linuxnewbie: clean handling of SIGTERM

Randall Kern randy at
Sat Feb 3 22:02:56 CET 2001

This is hopefully a simple "everybody has done that" kind of question, but
my Linux (unix) experience is sort of lacking.

I have a daemon that runs a loop, waiting for work.  When a request arrives,
it processes the request, and goes back into the loop.

Now I want to check for shutdown on each iteration of the loop.  I thought I
could register a handler for SIGTERM, and simply set a variable to tell my
loop to terminate:

_shutdown = 0
def sigterm(sig, frame):
    global _shutdown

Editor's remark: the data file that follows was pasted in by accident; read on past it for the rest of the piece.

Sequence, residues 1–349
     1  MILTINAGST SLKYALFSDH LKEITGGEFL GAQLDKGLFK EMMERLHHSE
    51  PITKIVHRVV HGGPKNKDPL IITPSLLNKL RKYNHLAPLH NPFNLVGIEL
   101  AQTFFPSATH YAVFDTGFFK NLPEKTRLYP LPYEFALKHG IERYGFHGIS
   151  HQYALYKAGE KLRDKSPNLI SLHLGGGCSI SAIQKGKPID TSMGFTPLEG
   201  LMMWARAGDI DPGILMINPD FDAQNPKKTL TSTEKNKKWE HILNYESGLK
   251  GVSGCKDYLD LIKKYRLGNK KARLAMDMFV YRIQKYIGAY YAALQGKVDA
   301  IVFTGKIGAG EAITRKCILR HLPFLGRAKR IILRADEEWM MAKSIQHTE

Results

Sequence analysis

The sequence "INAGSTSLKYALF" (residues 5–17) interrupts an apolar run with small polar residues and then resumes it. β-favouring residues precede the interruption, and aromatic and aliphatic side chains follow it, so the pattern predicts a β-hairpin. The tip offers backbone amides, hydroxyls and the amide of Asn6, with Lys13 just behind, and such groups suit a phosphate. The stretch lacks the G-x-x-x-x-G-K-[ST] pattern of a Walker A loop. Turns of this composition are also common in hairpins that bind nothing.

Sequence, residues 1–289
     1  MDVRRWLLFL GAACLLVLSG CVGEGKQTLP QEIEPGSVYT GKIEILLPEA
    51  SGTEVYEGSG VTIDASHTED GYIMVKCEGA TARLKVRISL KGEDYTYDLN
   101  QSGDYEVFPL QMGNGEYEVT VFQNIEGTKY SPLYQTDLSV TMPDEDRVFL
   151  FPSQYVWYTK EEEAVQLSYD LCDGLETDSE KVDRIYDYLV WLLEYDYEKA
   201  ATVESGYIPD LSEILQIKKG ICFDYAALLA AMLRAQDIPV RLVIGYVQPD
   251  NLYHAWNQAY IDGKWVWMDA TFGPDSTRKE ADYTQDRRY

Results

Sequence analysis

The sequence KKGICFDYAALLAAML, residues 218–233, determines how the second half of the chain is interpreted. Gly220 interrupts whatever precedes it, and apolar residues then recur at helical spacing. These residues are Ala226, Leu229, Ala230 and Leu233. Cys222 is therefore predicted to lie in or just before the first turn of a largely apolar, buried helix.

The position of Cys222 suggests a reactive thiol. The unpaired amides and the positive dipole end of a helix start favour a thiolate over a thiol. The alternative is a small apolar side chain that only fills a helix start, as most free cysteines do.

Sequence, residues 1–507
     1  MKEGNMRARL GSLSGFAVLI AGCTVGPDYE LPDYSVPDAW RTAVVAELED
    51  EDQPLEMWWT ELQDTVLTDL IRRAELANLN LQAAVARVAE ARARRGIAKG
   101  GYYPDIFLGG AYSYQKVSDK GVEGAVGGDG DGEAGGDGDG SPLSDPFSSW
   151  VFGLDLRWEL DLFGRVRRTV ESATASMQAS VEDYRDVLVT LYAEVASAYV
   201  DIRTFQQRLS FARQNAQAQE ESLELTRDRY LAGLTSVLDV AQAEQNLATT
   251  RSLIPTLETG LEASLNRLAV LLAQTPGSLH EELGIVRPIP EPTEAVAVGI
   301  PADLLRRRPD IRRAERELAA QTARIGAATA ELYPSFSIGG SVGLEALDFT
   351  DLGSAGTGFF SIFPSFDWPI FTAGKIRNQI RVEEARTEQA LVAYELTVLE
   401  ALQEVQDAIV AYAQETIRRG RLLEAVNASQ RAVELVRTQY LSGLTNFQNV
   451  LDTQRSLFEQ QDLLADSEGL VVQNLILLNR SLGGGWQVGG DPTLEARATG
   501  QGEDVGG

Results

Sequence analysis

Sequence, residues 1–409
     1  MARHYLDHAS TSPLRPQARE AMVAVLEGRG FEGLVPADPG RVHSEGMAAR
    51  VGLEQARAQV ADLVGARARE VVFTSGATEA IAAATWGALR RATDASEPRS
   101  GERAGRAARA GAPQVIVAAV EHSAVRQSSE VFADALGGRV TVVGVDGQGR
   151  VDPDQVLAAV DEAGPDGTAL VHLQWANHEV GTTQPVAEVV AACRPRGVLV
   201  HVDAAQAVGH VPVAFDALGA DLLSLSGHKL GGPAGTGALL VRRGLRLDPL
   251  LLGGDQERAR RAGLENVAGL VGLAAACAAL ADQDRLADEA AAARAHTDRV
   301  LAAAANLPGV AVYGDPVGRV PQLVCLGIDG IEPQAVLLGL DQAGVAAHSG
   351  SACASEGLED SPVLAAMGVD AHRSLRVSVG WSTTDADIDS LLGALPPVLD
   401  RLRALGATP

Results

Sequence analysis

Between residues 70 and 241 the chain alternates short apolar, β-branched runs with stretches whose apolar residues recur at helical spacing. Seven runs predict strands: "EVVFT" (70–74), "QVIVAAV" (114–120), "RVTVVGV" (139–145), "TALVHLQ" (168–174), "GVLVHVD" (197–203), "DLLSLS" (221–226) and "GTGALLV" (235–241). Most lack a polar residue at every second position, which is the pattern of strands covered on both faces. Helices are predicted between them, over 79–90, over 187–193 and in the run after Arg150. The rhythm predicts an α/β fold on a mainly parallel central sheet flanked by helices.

_shutdown = 1

signal.signal(signal.SIGTERM, sigterm)
while not _shutdown:
    request = get_request()    # returns None if _shutdown gets set (select
based loop)
    if request is not None:

The problem is that I get various exceptions when the signal is raised
(EINTR, but in various guises depending on the code that's running).  It
seems to me I could fix this if I could use reliable (BSD) signals from
python, but I don't see a way to do that.

Otherwise, I'll have to trap each and every EINTR derived exception, which
will mean copying a lot of library code (generally, a big hairy mess).

Is there a better way?


P.S. My system does recover from a forced shutdown, but I would like to
complete any running requests before shutting down.

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